Page 110 U. S. 723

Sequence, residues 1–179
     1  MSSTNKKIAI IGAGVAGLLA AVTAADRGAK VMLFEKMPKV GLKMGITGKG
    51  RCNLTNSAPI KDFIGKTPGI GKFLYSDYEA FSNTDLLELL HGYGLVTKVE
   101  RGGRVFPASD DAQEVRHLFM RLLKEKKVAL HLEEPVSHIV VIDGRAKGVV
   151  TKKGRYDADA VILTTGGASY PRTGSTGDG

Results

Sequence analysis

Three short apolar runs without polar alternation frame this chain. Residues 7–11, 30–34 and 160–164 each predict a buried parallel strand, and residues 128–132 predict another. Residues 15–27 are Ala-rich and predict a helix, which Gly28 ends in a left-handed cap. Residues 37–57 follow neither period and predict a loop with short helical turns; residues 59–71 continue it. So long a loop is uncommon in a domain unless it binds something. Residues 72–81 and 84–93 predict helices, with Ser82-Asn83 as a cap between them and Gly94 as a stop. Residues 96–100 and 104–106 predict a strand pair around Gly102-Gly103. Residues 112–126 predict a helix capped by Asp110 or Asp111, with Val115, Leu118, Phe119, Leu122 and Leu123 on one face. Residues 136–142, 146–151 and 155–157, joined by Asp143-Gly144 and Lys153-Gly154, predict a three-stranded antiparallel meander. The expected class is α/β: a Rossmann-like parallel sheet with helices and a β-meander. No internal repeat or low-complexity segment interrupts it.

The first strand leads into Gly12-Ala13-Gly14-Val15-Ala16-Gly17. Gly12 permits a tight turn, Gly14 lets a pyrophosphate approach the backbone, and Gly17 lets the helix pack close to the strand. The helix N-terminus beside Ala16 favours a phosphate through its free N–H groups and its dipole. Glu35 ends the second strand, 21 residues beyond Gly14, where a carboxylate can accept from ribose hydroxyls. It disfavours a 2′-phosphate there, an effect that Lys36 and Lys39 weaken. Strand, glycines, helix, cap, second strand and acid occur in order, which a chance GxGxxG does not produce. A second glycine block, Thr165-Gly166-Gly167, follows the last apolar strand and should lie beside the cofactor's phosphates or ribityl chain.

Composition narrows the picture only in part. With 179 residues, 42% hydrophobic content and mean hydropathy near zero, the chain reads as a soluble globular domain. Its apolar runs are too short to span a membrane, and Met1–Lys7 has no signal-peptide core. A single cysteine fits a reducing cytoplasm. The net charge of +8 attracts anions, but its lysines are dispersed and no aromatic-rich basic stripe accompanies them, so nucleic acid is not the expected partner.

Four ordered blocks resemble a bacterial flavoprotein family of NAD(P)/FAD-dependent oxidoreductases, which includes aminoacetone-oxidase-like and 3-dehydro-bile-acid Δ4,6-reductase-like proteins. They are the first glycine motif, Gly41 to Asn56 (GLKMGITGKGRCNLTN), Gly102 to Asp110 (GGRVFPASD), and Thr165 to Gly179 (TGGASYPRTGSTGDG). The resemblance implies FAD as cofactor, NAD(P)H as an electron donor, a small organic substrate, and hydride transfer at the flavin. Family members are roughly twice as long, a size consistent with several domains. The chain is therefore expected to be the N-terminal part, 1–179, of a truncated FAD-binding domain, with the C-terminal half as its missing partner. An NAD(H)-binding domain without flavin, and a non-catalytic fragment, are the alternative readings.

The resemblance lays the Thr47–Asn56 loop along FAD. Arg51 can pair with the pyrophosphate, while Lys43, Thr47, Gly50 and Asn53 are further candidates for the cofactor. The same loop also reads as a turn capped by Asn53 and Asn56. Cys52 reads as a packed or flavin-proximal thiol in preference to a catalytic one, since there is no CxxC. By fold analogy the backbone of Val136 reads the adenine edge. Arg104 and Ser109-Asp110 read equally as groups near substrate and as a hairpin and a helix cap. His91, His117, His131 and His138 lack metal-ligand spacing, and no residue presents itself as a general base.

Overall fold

On July 1, 1871, the defendants in error brought this suit against Cutler to recover back the money so paid. Cutler set up several defenses, only two of which it is necessary to notice. These were first that the seizure of the cotton and the exaction of the money paid to him were authorized by section 8 of the Act of July 2, 1864, and the regulations of the Secretary of the Treasury made in pursuance thereof, and second that the suit was barred by the limitation enacted by section 7 of the Act of March 3, 1863, entitled "An act relating to habeas corpus, and regulating judicial proceedings in certain cases." 12 Stat. 755. Upon the trial of the case in the circuit court, the defendant, Cutler, moved the court to direct the jury to return a verdict for him on the ground that the exaction of the money sued for was lawful. The court refused to give this instruction. The defendant also moved the court to direct the jury to return a verdict for him on the ground that the action was barred by section 7 of the Act of March 3, 1863, because the suit had not been commenced within two years after the wrong done to redress which the suit was brought. This motion was also denied, and the court instructed the jury that the plaintiffs were entitled to recover the sum of $7,200 paid by them to the defendant on June 15 and the sum of $8,588.41 paid on June 20, with interest. In pursuance of this instruction, the jury returned a verdict for the plaintiffs for $29,679.55, for which the court rendered judgment in their favor against the defendant. This writ of error is prosecuted by the defendant, now the plaintiff in error, to reverse that judgment.